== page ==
“How did James do it?” you may ask. Believe it or not, my writing magic involves no blood sacrifices. Just sleep sacrifice and a whole lot of reading. Here’s a few of my author’s notes for “In Art, Truth.”
The studies are in, and they strongly suggest that readers are smart cookies. Indeed, word addicts possess more fluid and crystallized intelligence. They’re more empathetic. They have wider vocabularies, less stress, and better memory. They are the superior nerd!
So why the hell do some authors treat readers like they’re suckers?
Look buddy. If you’re buying automated book reviews, readers will catch you. Nor can you force your novel to “become a viral sensation.” Even the almighty Big Five can’t do that. If they could, we’d have a new bestseller every week.
“What?” you may ask, with statistically probable innocence. “What do you mean? What ‘tricks’ have been tried before?”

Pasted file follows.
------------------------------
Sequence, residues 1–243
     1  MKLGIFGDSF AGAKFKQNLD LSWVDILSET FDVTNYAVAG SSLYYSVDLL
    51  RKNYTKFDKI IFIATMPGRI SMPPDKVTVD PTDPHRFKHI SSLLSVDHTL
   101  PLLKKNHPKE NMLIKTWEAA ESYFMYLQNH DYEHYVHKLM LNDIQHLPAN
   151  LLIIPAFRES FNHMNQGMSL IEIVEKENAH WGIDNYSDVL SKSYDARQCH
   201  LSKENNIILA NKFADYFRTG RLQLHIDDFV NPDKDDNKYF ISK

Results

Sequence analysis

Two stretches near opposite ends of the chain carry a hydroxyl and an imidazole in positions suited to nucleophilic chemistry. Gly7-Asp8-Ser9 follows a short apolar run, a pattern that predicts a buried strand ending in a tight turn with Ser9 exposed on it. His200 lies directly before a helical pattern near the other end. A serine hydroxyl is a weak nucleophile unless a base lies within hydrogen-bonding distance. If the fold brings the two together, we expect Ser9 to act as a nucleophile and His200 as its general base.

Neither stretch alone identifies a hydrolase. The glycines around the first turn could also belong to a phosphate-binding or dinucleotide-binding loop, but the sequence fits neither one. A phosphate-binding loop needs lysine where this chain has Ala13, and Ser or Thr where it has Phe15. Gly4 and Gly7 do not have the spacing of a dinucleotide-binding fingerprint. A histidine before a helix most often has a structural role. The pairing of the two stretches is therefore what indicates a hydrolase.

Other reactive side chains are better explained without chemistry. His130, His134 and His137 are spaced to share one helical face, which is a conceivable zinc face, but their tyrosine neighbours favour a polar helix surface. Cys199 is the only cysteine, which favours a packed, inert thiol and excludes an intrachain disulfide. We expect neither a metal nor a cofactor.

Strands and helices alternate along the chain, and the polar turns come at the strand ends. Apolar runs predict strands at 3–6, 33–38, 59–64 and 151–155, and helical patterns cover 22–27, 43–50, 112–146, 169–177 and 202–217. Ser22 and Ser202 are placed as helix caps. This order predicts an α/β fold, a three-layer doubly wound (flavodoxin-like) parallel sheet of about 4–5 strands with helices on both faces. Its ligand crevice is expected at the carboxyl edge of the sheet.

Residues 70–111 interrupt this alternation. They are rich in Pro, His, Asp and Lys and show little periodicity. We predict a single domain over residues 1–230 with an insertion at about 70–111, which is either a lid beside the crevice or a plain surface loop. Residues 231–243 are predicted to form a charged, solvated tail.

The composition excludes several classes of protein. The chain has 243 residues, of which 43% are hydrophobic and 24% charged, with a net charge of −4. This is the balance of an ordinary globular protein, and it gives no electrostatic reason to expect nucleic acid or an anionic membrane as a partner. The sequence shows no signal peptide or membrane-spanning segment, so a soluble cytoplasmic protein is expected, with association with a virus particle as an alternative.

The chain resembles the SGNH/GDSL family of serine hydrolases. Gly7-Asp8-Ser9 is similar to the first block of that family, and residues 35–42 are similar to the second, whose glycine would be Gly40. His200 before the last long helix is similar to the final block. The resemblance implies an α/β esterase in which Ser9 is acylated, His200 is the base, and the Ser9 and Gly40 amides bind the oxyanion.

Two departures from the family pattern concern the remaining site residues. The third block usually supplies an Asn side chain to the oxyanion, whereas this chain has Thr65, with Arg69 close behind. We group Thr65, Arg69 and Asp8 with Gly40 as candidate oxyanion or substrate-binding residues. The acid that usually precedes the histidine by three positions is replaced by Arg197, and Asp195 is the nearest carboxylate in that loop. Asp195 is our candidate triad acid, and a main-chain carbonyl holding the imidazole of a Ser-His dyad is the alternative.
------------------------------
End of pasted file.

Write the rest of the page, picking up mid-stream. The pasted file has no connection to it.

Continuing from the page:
In the business, can other authors really help you as a writer?
Many folks go, “Yeah! Absolutely!” and mention their writing groups. Or point to big name authors who provide promotional quotes for marketing. Maybe they’ll even point to review exchanges, where novelists swap books and publicly applaud each other.
…yeeeeeeaaahhh. Honesty time.
Writing groups aren’t bad or anything, but most attendees just want to be the hot topic du jour. Few will give you deep, valuable criticism because that takes effort. If they knew the market’s tastes, they wouldn’t be hanging out at the library on a Tuesday night—they’d be employed at a publisher. It just becomes the blind leading the blind.
“At long last!” self-published authors declare, deviously twirling their evil mustaches. “Thank to the power of artificial intelligence, I no longer have to pay a premium for beautiful cover art!”
Okay, I’m embellishing that. Still, it’s hard to ignore the zeitgeist. Last month, social media was inundated with image after beautiful image. Reddit and Facebook briefly became digital art museums of the information age before mods cracked down on the deluge. The situation was not lost on Ars Technica.